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Rage Against the Masochist

Posted in America, Patents at 5:32 pm by Dr. Roy Schestowitz

Nathan Myhrvold

Summary: Public opinion is quickly shifting against patents after a National Public Radio (NPR) piece and also some highly excessive activities from a shell troll of Nathan Myhrvold (shown above)

WE have just written a summary following the NPR coverage that led to some very strongly-worded comments about Microsoft’s patent troll who is the world’s biggest patent troll. A lot of people were not quite aware of the seriousness of this issue.

Professor Webbink has this theory about what Lodsys is doing with Myhrvold’s acquired patent (that he passes around for other non-practising entities to sue and absorb the bad press):

To really understand why Lodsys is doing what it’s doing, we thought it would be worthwhile to ask a patent lawyer to explain it, so we contacted Patrick Igoe, the lawyer who writes the Apple Patent blog and who has pointed out some real weaknesses in the Lodsys patents.

Why, we wondered, was Lodsys first going after the little people, so to speak, first and now hitting up Rovio and Electronic Arts? Is it like SCO, lots of headline seeking, hoping people will be so scared they’ll just pay them to stop? Is it all just so much “legal” theater, in other words, with analysts popping up and advising the little people to settle with Lodsys? I gather that didn’t work. If Lodsys was following a traditional playbook and hoped to use any licensees as a foundation to next go after the big fish, are they now acknowledging that failure and heading for the deeper pockets, in hopes that will work better?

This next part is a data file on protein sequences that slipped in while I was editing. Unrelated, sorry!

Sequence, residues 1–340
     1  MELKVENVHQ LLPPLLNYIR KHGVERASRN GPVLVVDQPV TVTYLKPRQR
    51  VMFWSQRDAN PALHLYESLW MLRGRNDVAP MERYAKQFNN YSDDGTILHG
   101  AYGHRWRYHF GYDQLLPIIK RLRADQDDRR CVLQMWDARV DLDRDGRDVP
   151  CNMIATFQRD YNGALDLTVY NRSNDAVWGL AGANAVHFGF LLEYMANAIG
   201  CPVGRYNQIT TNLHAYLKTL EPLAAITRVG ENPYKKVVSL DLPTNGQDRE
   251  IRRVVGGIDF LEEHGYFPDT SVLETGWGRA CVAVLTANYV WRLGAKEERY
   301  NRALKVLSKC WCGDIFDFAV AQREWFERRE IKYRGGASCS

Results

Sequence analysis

And why only claim 27 of the ’545 patent, which is what Lodsys is alleging is infringed? What is claim 27, anyhow? How could a game violate it?

The head of the FFII meanwhile discovers that ‘Amazon [is] sued for patent infringement over transactions using “a receipt having payment remittance information.”‘ He also links to this item of news about Lodsys attacking Angry Birds — a subject that even the BBC covers right now:

But here is what I would want to have asked him. Is a system that appears to reward those who acquire patents and hire lawyers and punish those who simply try to make things really going to encourage innovation?

My contact is certainly not doing much innovating right now – he’s too busy worrying about the threat of an expensive lawsuit.

That comes from Rory, who in the past did a lot of Microsoft promotion. Maybe he softened with age. Either way, the news might not be so bad for Brits. After all, it is US-based users who are likely to be prevented access to software and Britain might also see developers leaving the US and come to a haven from patent trolls, a haven such as the UK (provided they don’t sell in the US).